Subaru appears to be at the crossroads. Among executives, one faction wants to drive the company into the mainstream, with a more conventional lineup. Another believes Subaru’s niche-player status works in its favor.
Subaru’s commitment to standard all-wheel-drive and to an unorthodox engine architecture does, indeed, give the company an outsider’s standing.
Not that that’s a bad thing. Subaru was one of three automakers whose U.S. sales grew during the recession. Since early 2012, its profits have tripled and its stock value has grown fivefold, says Bloomberg.
In August, Subaru set a new U.S. sales record. Simultaneously, the redesigned, 2014 Forester crossover overtook the Outback wagon as the company’s sales leader, with year-to-date sales up an astonishing 46 percent.
It’s hard to know what to credit for the surge, but efficiency — both space and fuel — is probably the right place to start.
For 2014, wheelbase and overall length grow modestly — 0.9 inches and 1.4 inches, respectably — but rear-seat legroom is up a massive 3.7 inches and cargo room grows as well.
Forester’s base engine is a 170-horsepower, 2.5-liter four that, when paired with a new continuously variable transmission (CVT), yields EPA numbers of 24 mpg city/32 mpg highway/27 mpg combined.
Equipped with the six-speed manual that’s standard on 2.5i and 2.5i Premium trims, Forester is rated at 22/29/24.
An available, 250-hp, turbocharged 2.0-liter four powers up-level trims and earns ratings of 23/28/25.
For Subaru, which has always struggled with fuel efficiency, these gains are huge.
Forester’s content-list grows this year, as well. All but the base 2.5i trim now include a standard rearview camera and color multifunction display. New options include keyless access and ignition, a power liftgate and the EyeSight driver assist system.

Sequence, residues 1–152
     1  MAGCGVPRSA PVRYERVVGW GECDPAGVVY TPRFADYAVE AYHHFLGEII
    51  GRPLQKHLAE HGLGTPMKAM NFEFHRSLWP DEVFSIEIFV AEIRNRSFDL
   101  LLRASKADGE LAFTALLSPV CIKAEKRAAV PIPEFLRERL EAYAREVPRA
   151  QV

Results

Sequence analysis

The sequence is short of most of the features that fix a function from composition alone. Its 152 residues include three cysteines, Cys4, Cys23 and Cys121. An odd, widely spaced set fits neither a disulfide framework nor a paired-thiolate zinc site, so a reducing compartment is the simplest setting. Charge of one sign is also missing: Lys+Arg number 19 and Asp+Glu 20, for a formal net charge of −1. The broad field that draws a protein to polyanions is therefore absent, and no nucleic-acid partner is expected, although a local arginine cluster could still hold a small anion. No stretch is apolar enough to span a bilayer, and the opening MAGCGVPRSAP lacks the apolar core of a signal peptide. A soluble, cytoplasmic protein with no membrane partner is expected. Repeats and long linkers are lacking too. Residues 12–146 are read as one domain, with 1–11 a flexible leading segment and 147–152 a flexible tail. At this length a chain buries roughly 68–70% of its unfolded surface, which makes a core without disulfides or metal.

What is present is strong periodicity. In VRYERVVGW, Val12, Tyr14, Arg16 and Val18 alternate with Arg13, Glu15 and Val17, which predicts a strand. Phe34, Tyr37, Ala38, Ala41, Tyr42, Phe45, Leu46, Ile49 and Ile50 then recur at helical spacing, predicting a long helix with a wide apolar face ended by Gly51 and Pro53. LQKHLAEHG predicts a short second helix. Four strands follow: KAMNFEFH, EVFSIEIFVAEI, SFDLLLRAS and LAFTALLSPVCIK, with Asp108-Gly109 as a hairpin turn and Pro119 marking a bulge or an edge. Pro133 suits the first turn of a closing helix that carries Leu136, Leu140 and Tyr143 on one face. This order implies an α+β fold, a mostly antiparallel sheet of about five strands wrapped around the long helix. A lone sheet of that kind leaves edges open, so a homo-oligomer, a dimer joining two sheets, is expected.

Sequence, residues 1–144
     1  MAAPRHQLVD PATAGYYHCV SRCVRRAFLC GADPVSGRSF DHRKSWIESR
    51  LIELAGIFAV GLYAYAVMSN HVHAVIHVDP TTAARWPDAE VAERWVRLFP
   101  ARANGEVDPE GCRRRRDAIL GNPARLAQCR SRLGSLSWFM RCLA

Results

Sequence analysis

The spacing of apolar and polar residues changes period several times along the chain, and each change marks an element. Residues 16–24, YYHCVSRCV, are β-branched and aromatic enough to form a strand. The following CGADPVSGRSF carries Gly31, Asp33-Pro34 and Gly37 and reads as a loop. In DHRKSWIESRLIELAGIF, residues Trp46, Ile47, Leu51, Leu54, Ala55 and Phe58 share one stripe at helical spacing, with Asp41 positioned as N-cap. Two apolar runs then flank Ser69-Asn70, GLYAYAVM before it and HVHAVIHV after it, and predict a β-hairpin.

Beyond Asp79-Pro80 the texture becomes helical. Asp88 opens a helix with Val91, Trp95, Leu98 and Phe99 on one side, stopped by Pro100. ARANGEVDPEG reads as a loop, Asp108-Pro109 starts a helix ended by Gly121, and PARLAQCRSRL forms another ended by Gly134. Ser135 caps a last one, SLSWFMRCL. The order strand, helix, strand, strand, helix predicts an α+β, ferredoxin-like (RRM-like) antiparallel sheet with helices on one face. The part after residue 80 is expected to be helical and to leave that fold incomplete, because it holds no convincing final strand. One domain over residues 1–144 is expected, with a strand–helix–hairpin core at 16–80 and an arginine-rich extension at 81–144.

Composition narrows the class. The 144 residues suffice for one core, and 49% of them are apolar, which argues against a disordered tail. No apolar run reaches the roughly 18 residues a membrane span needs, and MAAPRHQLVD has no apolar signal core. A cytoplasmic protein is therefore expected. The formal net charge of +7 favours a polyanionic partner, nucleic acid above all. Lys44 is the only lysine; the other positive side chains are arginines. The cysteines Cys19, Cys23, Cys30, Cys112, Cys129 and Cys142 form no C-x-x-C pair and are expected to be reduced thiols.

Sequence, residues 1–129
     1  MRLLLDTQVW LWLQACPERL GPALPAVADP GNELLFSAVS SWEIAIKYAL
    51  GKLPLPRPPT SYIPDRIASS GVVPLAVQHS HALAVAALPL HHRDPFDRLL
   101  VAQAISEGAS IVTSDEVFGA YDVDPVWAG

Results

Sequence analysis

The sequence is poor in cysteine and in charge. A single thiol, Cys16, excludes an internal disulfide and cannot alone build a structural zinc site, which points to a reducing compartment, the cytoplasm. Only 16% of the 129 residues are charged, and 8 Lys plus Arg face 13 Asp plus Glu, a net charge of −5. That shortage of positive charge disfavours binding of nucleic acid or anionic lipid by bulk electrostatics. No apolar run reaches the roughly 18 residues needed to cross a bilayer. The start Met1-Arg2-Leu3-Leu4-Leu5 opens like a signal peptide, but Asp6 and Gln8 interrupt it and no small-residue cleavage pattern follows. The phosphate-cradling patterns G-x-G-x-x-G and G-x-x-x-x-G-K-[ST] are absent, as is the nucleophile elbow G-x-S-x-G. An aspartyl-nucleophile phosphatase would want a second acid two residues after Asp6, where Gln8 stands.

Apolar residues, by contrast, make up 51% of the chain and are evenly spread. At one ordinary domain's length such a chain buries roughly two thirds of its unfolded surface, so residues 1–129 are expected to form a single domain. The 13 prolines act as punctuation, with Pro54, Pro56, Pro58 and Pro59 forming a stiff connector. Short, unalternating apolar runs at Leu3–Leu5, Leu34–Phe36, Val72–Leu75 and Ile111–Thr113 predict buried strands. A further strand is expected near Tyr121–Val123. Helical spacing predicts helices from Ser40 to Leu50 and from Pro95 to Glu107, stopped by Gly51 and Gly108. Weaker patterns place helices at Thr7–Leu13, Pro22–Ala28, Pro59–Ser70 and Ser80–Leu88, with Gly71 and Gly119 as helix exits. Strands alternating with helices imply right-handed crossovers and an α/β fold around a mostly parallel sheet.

EyeSight was previously introduced on the Legacy and Outback and was key to their Superior ranking in the new Insurance Institute for Highway Safety Front Crash Prevention (FCP) test. EyeSight integrates adaptive cruise control, lane departure warning and pre-collision braking. When danger is detected ahead, it can bring the Forester to a complete stop, without driver intervention, from speeds of up to 25 mph.
X-Mode, an enhancement to Forester’s AWD system available on upper trims, tweaks engine response, transmission shift points, stability control system intervention and the AWD system to improve traction in slippery conditions.
Hill descent control is broadly available and, at 8.7 inches, ground clearance is exemplary.
The new Forester receives mild sheet metal and cabin updates. Cabin materials are improved but the design remains dated. Cartoonish graphics and impaired ease of use relegate Subaru’s navigation and infotainment systems to second-tier status.
Aside from noticeable lean in the corners, the Forester handles as well as can be expected from an affordable people-and-cargo hauler. Its sophisticate AWD system and higher-than-average ground clearance provide better-than-average off-road chops.
CVT-equipped models incorporate an continuously variable transfer clutch that distributes power to the wheels with traction.
A fair distance separates Subaru from the mainstream. The new Forester helps bridge that gulf while underscoring the company’s strengths. With more successes like this, Subaru will escape its niche role without breaking a sweat.
2014 Subaru Forester 2.5 Si Touring
Vehicle base price: $21,995
Trim level base price: $29,995
As tested: $33,220
Optional equipment included keyless entry and ignition; EyeSight; high-intensity discharge low-beam headlights.
EPA ratings: 24 city/32 highway
Regular unleaded fuel specified